Weak inverse

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In mathematics, the term weak inverse is used with several meanings.

Theory of semigroups[edit]

In the theory of semigroups, a weak inverse of an element x in a semigroup (S, •) is an element y such that yxy = y. If every element has a weak inverse, the semigroup is called an E-inversive or E-dense semigroup. An E-inversive semigroup may equivalently be defined by requiring that for every element xS, there exists yS such that xy and yx are idempotents.[1]

An element x of S for which there is an element y of S such that xyx = x is called regular. A regular semigroup is a semigroup in which every element is regular. This is a stronger notion than weak inverse. Every E-inversive semigroup is regular, but not vice versa.[1]

If every element x in S has a unique inverse y in S in the sense that xyx = x and yxy = y then S is called an inverse semigroup.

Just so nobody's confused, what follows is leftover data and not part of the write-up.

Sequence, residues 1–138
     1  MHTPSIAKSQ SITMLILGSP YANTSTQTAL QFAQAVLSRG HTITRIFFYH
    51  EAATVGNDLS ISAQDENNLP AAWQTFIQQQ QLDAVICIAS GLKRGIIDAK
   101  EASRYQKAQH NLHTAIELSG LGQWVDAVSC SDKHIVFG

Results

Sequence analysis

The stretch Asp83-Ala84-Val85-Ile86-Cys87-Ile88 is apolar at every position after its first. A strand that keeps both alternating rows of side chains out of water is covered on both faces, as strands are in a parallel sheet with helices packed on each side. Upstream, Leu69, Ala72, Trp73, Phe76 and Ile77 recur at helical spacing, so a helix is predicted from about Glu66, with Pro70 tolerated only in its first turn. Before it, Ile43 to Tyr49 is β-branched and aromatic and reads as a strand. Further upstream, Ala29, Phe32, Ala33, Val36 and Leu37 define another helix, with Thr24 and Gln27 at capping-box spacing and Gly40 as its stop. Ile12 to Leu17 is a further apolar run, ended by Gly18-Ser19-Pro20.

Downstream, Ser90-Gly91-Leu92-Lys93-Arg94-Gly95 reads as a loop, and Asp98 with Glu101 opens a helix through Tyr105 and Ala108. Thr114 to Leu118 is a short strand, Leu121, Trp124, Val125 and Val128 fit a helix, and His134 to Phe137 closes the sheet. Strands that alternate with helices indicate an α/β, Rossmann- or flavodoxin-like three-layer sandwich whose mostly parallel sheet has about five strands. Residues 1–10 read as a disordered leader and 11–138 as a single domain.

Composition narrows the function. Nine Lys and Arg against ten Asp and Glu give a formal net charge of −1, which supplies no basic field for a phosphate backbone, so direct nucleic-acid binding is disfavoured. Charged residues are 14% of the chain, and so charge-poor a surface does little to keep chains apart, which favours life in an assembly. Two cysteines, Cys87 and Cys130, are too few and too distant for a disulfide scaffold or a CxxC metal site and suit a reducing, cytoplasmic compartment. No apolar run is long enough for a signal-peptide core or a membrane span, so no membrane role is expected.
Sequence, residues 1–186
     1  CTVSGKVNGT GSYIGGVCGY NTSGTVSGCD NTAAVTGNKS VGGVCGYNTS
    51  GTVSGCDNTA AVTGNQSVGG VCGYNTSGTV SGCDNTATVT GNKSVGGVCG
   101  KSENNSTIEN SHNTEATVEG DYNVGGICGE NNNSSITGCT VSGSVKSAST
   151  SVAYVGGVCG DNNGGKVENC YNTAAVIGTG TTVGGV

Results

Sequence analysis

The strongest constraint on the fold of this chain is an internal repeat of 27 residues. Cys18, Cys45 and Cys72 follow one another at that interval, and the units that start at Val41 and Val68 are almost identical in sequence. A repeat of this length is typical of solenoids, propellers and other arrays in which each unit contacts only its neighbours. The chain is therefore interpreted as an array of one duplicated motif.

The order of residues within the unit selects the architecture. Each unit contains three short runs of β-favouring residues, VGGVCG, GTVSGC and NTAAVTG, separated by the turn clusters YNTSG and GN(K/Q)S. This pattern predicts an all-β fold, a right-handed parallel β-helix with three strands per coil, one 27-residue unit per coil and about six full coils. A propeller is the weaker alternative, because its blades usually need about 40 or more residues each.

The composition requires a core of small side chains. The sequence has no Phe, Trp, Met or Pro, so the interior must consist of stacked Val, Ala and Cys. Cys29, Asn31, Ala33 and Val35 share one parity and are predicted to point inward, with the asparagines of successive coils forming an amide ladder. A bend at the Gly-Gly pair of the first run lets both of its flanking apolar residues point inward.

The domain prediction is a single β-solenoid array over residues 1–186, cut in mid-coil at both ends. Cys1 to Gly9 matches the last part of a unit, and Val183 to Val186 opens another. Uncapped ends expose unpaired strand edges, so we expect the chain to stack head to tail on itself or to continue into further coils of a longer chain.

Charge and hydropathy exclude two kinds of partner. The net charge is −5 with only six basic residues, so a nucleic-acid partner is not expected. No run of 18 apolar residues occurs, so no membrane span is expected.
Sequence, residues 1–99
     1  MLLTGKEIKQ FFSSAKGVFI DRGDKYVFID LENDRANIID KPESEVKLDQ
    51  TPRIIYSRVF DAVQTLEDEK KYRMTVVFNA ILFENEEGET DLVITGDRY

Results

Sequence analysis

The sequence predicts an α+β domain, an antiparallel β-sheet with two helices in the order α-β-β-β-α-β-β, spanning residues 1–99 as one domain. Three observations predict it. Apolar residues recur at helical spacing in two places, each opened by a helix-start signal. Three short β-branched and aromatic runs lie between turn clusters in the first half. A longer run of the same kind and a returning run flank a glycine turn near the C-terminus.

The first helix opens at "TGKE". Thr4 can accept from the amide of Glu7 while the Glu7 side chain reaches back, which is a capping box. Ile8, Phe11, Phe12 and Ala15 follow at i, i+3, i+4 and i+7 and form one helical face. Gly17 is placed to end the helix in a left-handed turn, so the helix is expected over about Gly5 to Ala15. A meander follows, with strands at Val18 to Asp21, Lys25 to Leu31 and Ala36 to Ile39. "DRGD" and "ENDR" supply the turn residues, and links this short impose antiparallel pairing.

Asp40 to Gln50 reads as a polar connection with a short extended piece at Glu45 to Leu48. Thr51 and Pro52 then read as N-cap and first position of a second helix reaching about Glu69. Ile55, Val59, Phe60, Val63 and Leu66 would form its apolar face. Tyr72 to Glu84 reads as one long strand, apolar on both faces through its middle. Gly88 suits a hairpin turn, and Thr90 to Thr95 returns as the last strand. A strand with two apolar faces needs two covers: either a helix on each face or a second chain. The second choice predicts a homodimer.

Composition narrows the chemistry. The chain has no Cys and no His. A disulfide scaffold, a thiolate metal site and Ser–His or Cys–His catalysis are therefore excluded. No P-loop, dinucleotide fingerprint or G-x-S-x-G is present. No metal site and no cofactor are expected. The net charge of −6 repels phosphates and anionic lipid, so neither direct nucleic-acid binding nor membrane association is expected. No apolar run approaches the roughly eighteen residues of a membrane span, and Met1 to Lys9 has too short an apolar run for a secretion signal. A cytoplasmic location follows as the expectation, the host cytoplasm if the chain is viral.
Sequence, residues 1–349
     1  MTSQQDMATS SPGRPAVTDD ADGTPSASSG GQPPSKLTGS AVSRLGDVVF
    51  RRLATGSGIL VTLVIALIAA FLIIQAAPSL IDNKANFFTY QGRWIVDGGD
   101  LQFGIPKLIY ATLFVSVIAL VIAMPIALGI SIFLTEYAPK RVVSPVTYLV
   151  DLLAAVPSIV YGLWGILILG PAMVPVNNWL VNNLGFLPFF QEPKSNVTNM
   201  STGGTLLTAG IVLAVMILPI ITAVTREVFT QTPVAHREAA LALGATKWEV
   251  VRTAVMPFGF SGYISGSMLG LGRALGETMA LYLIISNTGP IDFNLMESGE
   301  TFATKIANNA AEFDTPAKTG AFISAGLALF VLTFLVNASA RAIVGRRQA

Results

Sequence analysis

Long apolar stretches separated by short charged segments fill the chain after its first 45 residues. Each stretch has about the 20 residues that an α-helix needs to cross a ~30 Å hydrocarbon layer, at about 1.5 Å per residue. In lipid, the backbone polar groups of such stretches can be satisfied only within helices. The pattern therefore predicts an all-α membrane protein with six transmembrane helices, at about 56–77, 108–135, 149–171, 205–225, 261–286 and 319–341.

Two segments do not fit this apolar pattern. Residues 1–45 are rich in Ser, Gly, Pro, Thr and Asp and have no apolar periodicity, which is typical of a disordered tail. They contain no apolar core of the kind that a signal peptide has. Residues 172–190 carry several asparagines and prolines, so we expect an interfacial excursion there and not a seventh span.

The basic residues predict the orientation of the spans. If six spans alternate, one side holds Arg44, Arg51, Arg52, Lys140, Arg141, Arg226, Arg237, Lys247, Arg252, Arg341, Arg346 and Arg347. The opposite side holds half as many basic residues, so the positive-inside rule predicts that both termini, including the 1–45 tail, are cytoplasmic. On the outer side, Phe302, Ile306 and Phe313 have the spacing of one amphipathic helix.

Category theory[edit]

In category theory, a weak inverse of an object A in a monoidal category C with monoidal product ⊗ and unit object I is an object B such that both AB and BA are isomorphic to the unit object I of C. A monoidal category in which every morphism is invertible and every object has a weak inverse is called a 2-group.

See also[edit]

References[edit]

  1. ^ a b John Fountain (2002). "An introduction to covers for semigroups". In Gracinda M. S. Gomes. Semigroups, Algorithms, Automata and Languages. World Scientific. pp. 167–168. ISBN 978-981-277-688-4.  preprint